Every wargamer needs access to a good wargaming table to play on. Technically you can get by with any flat surface and a bunch of objects to break up line of sight.
However, a good-looking table adds a lot to the experience of the game. Not everyone lives near a well-equipped game store, or has the space and resources to build a dedicated table in their own home.
I set out to build an inexpensive wargaming table and terrain set. I wanted it to be easy to construct and easy to store when not in use.
In this article I will demonstrate how to build a 4’X6′ folding table top, terrain mat, and three-dimensional terrain set for around $50 and with minimal modelling skills required.
Item 1 – Gaming Mat: $10-$14
After reading Eternal Wargamer’s review of the Cigar Box table mat, I started thinking about the benefits of a fleece mat.
A gaming mat looked like an easy way to turn an arbitrary rectangle into a nicer looking wargaming table.
The mat used in the review has some really nice details printed on it, which looks great. Overall the review sold me on the benefits of a fleece mat. But, I wanted something a bit more generic, and less expensive, so I started thinking about making my own.
My plan was to buy some plain fleece and spray it in mottled colors to create a decent base for the rest of my terrain.
Tie Dye Pattern Fabric
I was hunting around online for fleece in a decent base color when I came across some “tie dye” patterns. They already have some nice color variation to them.
The fabric is 59″ wide. So, if you buy 2.5 yards you’ll have plenty of extra to hang over the edges of your tabletop. The retail price on this is $10.99 per-yard, but it’s almost always available on sale for $5.50 per-yard. So, 2.5 yards should run you $14. When I found this it was on sale for $3.99 per yard, so mine was only $10!
One nice thing about a fleece gaming mat is that you can lay it over objects to create hills. So, you can just scatter some books around the floor and lay the fleece mat over it and you’re ready for a game:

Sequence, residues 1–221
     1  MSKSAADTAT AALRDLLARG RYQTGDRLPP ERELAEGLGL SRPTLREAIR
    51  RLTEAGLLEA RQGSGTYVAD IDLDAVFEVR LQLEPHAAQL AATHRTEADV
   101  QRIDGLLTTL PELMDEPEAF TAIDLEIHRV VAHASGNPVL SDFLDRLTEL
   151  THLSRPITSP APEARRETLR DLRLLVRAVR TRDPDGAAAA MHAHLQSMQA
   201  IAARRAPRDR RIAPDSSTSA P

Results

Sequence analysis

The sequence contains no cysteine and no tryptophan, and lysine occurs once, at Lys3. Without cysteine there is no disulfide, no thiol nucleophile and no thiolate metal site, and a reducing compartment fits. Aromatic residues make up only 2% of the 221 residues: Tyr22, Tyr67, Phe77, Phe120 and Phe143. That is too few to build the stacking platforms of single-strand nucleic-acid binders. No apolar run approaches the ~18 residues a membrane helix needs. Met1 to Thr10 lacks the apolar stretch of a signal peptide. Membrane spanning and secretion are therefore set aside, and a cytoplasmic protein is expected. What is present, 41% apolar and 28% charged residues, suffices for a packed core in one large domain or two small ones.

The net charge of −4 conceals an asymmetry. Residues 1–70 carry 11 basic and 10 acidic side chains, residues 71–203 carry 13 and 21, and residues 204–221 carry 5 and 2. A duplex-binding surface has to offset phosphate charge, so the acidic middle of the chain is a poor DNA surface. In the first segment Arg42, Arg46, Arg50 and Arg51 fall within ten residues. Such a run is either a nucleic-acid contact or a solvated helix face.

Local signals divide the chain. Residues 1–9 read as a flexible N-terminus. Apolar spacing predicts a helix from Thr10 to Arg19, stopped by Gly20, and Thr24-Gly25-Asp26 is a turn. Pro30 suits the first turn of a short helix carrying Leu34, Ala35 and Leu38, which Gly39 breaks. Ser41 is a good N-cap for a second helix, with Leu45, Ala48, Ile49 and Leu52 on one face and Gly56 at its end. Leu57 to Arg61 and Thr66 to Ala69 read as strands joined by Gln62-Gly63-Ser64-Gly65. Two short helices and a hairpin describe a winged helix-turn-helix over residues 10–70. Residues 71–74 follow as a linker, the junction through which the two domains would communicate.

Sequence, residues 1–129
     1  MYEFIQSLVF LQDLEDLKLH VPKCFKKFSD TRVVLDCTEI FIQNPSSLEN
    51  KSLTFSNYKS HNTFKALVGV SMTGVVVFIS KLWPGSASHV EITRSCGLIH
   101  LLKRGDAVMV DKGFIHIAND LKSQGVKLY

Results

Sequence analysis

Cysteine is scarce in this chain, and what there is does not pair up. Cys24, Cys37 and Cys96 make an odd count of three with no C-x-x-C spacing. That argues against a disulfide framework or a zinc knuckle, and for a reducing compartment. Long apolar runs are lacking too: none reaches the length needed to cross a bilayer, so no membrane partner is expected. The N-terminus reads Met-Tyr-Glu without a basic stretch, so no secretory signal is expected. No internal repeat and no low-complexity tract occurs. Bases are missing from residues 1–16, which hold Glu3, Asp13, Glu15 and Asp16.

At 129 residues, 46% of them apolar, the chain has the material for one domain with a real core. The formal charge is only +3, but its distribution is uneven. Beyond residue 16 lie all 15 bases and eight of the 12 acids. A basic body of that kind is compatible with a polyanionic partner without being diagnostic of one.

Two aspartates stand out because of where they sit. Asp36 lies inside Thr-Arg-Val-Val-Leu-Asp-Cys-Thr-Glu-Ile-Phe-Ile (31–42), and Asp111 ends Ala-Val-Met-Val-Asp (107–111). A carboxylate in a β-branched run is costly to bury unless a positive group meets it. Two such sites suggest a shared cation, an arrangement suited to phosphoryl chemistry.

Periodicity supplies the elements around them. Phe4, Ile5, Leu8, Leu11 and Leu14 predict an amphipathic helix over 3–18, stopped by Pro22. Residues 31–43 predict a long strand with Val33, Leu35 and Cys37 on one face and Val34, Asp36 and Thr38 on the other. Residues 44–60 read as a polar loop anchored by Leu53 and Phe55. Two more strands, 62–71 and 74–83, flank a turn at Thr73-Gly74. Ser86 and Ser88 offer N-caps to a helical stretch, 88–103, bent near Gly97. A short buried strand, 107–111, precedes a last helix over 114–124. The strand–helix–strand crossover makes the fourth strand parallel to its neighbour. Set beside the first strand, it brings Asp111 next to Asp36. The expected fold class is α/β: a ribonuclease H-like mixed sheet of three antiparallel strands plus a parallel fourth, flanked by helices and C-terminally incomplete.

As a side note, this also makes for a very comfy blanket on those chilly nights when you’re not playing a game ;)
Item 2 – The Wargaming Table Top: $24-$39
As a Warhammer 40,000 player I tend to consider 4’X6′ to be the “standard” wargaming table size. This is larger than your typical dining table.
So, unless you want to play on the floor (not really an option for those of us with aging knees!), you’ll need a specialty table top. If you’re okay with playing on the floor you can save thirty bucks and skip to the next section.
There are plenty of ways to build a nice wargaming table, but I’m looking for cheap and easy.
So, I built a folding top made of styrene insulation foam. This is light enough to be easily portable and to lay across your dining table without scratching it up.
It’s also sturdy enough to support a couple of armies and some terrain. You can buy a 4’X8′ sheet of 1.5″ styrene foam insulation at Home Depot for $24. This is also available in 2″ thickness which will be stronger but cost you another $10.
Creating the Wargaming Table
Whichever you chose, cut this into four 2’x4′ pieces and set one of them aside.
I used duct tape to form hinges to hold these together. If you don’t already have this sitting around, you can pick up a roll almost anywhere for $3 – $5.
I started by laying two pieces flat with the long edges together. I used three short pieces of tape to connect the long edges. Then I ran a single long piece across the whole seam:
Then I folded the two pieces face to face along this tape.
On the inside of this hinge I added three pieces of duct tape across the seam. Then another long piece along the seam. This keeps the two pieces from pulling apart when the table is folded.
Now I have a sturdy hinge holding these two pieces together:
Next, I added the third piece with another hinge made the same way. I made sure that it folded the opposite direction of the first.
The end result is a 4’x6′ sheet of styrene that you can lay across almost any decent sized table to create an appropriate surface to support your gaming mat.